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Graceland Stands Apart

Category: Exhibitions

This article originally appeared in the January/February 2013 edition of the Museum magazine

Excerpt, From The Holy Land to Grace/and: Sacred People, Places and Things in Our Lives, The AAM Press, 2012.

What makes Graceland unique among both religious and secular loca sancta—a Category 5 hurricane, a 9.5 earthquake on the Richter Scale—is the fact that nearly all the defining characteristics of a holy place, whether ancient or modern, whether religious or secular, are concentrated there. Even the Church of the Holy Sepulchre cannot match that. Not only was this Elvis ‘s home for the last 20 years of his life, it was the site of his death and funeral, and it is the location of his body. Graceland is itself a relic and is filled with relics, some of which were on site when Elvis died and some of which have been returned over the years.

By contrast, John F. Kennedy was killed in Dallas and is entombed in Arlington, Va., far from his boyhood home in Massachusetts. The material remains of JFK’ s life are prized, commanding top prices at celebrity memorabilia auctions, but they are dispersed all over the world. Martin Luther King, Jr. was killed in Memphis, but his tomb is in Atlanta near his boyhood home and his church. Princess Diana’s death locus in Paris is difficult and dangerous to get to and very far from her tomb, which is set on an island in a small lake in England. Harvey Milk was killed in San Francisco’s City Hall, his apartment and photo business are in the Castro District of the city, and while there are relics there to commemorate his life and martyrdom, Milk was cremated and his ashes dispersed. The “Mexican Madonna” Selena’s 99 loca sancta, including her grave, her museum with her life-size statue as Mirador de la Flor and her Porsche, her parents’ home and the site of her murder at a Days Inn Motel are all in her hometown of Corpus Christi, Tex., but they are scattered around the city. Neverland, near Santa Barbara, is bereft of nearly everything related to Michael Jackson’s time there. Moreover, Michael Jackson died in a rented house in the Holmby Hills neighborhood of Los Angeles, was eulogized miles away at the Staples Center, and his body is now locked away and inaccessible in the Grand Mausoleum at Forest Lawn Cemetery in Glendale, which is far from both the death and funeral locations.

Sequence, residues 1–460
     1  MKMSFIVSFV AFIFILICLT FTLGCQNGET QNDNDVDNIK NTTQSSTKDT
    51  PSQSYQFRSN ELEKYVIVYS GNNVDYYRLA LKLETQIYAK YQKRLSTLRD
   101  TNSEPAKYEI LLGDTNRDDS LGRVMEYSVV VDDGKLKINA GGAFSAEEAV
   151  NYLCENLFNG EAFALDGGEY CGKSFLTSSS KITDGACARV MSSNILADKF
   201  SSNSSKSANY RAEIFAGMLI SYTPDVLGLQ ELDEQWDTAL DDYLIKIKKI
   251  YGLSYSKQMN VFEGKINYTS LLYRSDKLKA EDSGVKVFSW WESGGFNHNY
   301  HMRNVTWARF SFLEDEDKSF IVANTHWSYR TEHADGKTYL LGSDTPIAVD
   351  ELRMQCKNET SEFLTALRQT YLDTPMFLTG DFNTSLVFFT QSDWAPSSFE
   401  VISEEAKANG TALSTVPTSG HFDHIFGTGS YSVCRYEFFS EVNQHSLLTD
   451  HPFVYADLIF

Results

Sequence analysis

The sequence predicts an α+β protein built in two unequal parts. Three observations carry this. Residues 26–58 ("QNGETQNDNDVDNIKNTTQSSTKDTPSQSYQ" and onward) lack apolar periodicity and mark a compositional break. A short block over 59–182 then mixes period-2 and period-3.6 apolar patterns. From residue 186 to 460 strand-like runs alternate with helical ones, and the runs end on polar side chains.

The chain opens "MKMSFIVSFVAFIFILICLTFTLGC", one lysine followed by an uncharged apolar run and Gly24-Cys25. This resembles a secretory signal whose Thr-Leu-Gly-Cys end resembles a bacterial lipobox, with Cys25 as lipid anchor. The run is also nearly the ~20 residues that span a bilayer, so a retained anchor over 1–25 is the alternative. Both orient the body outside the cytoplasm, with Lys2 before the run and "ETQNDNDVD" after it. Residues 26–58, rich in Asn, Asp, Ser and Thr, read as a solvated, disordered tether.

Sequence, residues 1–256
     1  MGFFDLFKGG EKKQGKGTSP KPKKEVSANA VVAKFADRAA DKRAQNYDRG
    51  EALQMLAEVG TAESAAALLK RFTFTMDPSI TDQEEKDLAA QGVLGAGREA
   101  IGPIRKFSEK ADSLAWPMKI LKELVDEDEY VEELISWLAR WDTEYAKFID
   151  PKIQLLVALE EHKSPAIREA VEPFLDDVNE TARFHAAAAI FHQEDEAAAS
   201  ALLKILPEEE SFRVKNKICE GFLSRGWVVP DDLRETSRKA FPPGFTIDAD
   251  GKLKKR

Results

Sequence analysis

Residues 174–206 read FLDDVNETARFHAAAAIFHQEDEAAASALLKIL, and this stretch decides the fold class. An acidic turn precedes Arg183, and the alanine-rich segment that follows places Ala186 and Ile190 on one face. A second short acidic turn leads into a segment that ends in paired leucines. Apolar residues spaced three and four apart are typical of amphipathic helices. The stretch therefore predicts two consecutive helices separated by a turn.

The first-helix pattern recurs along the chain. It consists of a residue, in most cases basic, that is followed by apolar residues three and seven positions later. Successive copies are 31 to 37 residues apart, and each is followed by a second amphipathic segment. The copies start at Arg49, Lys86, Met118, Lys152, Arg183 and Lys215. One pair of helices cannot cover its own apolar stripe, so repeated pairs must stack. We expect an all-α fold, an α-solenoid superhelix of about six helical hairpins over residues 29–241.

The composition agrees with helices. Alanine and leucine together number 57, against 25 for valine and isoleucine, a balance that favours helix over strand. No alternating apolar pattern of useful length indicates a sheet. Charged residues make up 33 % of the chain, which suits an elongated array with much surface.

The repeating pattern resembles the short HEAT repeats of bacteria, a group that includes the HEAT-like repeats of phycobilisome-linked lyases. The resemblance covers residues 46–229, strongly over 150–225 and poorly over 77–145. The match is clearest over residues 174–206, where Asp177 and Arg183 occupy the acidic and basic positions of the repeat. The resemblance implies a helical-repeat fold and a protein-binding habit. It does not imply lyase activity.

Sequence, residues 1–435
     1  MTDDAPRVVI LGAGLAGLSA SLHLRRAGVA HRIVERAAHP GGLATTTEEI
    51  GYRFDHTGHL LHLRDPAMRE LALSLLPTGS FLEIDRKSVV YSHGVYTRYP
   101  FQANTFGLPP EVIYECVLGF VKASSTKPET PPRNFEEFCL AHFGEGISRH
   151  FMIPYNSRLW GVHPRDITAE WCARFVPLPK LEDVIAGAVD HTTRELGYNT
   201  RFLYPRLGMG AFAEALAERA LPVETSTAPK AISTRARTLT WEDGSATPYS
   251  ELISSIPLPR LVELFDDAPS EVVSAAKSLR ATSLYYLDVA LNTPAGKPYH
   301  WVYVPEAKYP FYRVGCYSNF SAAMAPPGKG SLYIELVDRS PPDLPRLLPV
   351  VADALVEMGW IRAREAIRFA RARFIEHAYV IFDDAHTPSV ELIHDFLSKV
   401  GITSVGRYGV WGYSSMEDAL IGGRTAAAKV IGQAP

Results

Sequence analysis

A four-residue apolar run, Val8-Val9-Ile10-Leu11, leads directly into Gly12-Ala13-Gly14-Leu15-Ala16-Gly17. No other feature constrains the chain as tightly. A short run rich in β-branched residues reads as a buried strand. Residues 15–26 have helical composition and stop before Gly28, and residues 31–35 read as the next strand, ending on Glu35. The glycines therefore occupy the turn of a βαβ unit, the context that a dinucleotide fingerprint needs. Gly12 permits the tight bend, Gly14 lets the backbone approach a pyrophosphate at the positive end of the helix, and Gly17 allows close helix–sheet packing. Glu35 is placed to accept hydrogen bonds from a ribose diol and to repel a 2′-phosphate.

By contrast with Neverland, Graceland is and always has been a vast repository of Elvis relics. It gathers in one place all the everyday items associated with Elvis that parallel the everyday items from the life of Jesus that the Piacenza pilgrim (c. 570 A.D.) encountered at various locations in the Holy Land, including Jesus’s holy cradle and swaddling cloth in Bethlehem and his childhood schoolbook in Nazareth. Graceland is not only the fully furnished Elvis house, it is the Elvis tomb and, though off-limits to visitors, the place of Elvis martyrdom, in the form of the second-floor master bathroom, over the front door, which remains pretty much as it was the day Elvis died there. In the Trophy Building, between the Elvis house and the Meditation Garden with the Elvis tomb, visitors are invited to contemplate a cornucopia of dazzling Casual visitors may see Graceland through very different eyes. Many will form their opinion of the Mansion from the perspective of today-as a home fitting (or not) for the greatest entertainer of all time while others will judge it in relationship to the Presleys’ meager early life in Tupelo. The former group, even before seeing the Hall of Gold in the Trophy Building with its hundreds of gold and platinum records, will struggle to reconcile this modest house in this rundown neighborhood with the King of Rock ‘n’ Roll, forgetting that Elvis bought Graceland when he was just 22 years old and chose to keep it as his home until the day he died.

Exterior view of Graceland behind a number of old growth trees.
Elvis Presley’s home, Graceland Mansion, does not fit neatly into the category of historic house.

Elvis relics, mostly items of clothing: a gold lame suit and white bucks of the ’50s, various theatrical outfits from his movie years of the ’60s and, finally, a series, of increasingly elaborate caped and rhinestone-studded jumpsuits from the touring and Vegas concerts of the ’70s. Among these is the most striking relic of all: Elvis’s famous jumpsuit from the “Elvis-Aloha from Hawaii” concert of 1973, with its massive eagle-encrusted trophy belt. ><